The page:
Main text


The full scope of the study design in Prospective RELOC-AGE is available at NCT04765696 and in a study protocol [4]. During the first step of the data collection (a web-based survey), respondents (n = 1964) were asked if they were willing to participate in an additional telephone interview. The telephone interview included two self-assessments of perceived aspects of housing [5]. These assessments were conducted by telephone since previous studies had indicated threats to the validity because of challenges for respondents to apprehend the underlying concepts. As we had no previous experiences of assessments of active ageing, we included this assessment in the telephone interview as well.

Active ageing was self-assessed with the University of Jyvaskyla Active Aging Scale (UJACAS) [2]. Before the telephone interview, a paper version of the questionnaire was sent to the respondents for them to prepare and thereby facilitate the recording of responses. The UJACAS contained 17 items ranked for four facets of active aging (will to act, ability to act, opportunity to act, and frequency/extent of doing the activity) on a five-point Likert scale ranging from not at all/very low to very much/very high (Table 1). Respondents were asked to consider the previous four weeks when scoring. Together the items capture a single construct reflecting individual active ageing (total score range = 0–272).

Table 1 Items included in University of Jyvaskyla Active Aging Scale (UJACAS), and items for which responses were potentially affected by pandemic-related restrictions

In all, 1412 survey respondents (72%) agreed to be contacted for a telephone interview based on consecutive recruitment. A paper version of the UJACAS was sent to 1011 persons, followed by attempts to contact all of them by telephone to confirm time for an interview lasting 15–45 min. Interviews were completed with N = 820 (response rate 81%; 51% women). The mean age was 69.7 years (SD 7.65; range 54–92 years).

The staff involved in administration of the telephone interviews kept field notes focused on two topics: (1) how respondents reasoned and replied to the questions included in UJACAS; (2) whether there were specific items that seemed to be affected by the COVID-19 pandemic, including related recommendations and restrictions. These topics generated field notes related to 81 of the interviews. After 200 interviews saturation was reached and taking field notes was terminated.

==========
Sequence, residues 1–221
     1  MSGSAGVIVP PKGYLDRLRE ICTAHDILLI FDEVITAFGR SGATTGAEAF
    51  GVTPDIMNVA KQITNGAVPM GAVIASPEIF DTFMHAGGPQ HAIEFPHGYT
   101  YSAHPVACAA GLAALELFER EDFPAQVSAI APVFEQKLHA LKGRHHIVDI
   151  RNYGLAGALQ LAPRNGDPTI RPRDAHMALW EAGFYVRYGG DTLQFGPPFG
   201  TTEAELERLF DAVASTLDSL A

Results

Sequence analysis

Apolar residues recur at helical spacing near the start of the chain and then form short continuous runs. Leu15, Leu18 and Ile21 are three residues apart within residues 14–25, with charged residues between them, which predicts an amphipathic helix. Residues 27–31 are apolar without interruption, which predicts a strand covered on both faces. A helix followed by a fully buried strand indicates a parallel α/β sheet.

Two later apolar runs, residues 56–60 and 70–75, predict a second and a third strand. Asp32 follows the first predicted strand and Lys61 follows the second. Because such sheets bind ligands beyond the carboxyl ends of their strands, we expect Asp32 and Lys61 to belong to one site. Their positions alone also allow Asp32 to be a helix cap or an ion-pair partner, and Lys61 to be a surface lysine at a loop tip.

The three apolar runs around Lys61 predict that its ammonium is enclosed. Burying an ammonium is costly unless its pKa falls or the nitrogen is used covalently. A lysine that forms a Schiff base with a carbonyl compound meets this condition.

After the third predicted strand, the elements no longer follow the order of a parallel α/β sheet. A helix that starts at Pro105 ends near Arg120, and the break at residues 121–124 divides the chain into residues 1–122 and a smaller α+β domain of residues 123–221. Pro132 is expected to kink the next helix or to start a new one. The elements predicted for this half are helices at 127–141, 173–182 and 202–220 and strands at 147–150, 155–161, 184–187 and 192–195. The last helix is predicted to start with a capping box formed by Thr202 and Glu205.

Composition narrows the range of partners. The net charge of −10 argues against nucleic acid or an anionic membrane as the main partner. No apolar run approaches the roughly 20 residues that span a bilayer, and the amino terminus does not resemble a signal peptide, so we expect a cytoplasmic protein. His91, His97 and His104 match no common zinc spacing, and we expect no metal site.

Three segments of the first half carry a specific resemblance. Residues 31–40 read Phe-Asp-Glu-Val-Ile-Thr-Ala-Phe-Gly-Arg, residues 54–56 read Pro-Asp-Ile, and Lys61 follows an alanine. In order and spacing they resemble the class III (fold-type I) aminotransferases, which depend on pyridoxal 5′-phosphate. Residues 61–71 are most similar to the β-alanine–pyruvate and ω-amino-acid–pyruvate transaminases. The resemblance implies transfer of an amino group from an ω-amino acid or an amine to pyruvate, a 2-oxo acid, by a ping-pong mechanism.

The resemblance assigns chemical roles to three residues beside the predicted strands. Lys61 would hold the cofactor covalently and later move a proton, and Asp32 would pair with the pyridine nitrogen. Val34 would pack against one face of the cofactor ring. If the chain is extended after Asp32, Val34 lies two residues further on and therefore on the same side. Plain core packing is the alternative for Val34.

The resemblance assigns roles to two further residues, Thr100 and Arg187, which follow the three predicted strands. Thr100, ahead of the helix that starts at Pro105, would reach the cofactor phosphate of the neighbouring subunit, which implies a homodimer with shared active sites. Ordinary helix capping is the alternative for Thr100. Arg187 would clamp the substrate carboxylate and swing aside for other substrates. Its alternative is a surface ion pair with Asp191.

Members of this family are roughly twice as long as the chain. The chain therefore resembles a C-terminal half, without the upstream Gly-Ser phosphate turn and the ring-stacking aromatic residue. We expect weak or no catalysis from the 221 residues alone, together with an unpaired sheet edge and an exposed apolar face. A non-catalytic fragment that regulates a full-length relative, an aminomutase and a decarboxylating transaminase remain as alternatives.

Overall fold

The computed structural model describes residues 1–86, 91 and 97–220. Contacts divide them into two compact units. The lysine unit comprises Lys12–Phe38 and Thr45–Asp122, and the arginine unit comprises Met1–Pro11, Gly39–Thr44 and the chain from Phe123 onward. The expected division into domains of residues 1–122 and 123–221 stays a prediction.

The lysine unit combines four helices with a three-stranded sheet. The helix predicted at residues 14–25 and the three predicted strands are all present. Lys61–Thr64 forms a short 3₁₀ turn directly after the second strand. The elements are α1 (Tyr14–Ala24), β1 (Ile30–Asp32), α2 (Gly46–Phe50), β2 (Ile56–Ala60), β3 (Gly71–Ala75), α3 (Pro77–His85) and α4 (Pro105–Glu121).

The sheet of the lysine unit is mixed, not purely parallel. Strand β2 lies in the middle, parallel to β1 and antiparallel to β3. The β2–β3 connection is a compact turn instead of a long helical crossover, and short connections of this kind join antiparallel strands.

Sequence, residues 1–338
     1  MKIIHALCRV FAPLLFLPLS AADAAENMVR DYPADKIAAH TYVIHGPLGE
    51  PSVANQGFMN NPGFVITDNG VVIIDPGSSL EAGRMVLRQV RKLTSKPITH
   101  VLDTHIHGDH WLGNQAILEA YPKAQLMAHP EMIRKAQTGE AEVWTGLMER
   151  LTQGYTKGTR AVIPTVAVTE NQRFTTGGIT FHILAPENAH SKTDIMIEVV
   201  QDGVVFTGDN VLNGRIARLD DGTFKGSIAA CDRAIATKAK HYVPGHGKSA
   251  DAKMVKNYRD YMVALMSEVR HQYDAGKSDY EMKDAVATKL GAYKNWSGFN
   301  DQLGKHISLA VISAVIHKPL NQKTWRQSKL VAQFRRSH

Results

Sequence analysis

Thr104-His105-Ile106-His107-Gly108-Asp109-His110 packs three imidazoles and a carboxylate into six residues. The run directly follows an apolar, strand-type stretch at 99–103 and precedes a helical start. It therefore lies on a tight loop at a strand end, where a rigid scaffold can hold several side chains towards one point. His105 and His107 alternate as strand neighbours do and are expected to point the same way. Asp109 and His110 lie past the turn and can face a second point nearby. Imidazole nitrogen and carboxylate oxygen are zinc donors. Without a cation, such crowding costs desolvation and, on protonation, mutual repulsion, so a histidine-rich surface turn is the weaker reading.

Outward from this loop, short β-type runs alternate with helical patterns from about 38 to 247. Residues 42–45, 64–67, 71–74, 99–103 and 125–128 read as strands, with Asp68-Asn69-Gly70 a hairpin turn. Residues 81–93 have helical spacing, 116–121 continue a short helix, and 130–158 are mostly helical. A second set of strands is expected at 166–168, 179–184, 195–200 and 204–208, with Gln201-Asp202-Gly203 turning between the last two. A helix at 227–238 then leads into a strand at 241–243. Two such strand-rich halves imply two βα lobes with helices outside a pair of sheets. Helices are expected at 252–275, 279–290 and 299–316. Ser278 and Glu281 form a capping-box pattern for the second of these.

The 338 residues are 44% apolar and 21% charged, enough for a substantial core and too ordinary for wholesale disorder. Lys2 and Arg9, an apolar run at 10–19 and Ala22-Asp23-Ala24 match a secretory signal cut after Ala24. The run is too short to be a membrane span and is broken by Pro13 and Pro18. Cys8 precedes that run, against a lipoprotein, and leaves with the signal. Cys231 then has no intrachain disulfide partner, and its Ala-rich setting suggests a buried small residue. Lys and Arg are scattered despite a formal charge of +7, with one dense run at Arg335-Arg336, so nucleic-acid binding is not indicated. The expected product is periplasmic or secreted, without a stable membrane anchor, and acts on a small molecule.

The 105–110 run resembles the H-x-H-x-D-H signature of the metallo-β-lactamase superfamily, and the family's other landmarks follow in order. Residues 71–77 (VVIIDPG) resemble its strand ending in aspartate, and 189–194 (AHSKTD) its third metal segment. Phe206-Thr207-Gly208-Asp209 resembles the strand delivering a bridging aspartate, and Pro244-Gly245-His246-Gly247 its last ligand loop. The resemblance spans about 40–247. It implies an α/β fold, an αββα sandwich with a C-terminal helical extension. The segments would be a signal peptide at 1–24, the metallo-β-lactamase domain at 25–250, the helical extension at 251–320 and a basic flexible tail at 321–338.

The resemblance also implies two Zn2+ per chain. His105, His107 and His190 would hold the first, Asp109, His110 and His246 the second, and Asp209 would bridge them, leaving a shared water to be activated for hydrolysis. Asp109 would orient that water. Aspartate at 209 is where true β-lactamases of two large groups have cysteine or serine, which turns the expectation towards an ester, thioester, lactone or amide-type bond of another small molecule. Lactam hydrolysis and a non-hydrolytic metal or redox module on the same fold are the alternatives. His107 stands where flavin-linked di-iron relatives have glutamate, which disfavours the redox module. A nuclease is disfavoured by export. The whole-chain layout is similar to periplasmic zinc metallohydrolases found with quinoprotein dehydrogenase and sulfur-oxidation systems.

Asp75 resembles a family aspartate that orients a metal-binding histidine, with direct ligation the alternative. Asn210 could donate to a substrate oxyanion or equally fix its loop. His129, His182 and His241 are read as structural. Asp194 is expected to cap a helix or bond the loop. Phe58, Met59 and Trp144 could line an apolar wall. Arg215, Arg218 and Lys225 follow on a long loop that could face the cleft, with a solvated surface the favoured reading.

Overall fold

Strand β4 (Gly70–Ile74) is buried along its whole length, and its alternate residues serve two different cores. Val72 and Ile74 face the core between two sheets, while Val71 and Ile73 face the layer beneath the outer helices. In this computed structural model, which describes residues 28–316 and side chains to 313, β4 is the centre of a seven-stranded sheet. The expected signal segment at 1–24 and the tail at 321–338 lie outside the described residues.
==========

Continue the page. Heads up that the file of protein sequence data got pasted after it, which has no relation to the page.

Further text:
For four items in UJACAS there were recurrent comments that indicated that respondents had been affected by the pandemic situation regarding one or more of the facets: will to act, ability to act, opportunity to act, or frequency or extent of doing the activity (Table 1).

Participating in events

Because many events were cancelled due to pandemic-related restrictions, the responses to the item participating in events had been affected. One respondent commented:

“I have been engaged a lot in organizations but now I just can´t.”

To some extent, participating in online events was mentioned as an alternative providing new opportunities to participate in events that otherwise had been difficult to attend, for example, due to the need to travel. One respondent who lived far from the capital had positive experiences:

“There are so many events to participate in, everything is digital, I can join events in Stockholm now, I never could do that before!”

In contrast to such positive experiences, others expressed the lack of social contacts leading to less motivation to participate, or that too many digital events were experienced as strenuous:

“It is so exhausting with everything online, I can´t stand yet another online meeting.”


The item exercising was discussed by several participants in terms of that there was no clear-cut line between strenuous activity and less demanding activity. Overall, the responses to this item did not indicate that respondents had reduced their engagement in exercise but rather changed the type of exercise they did: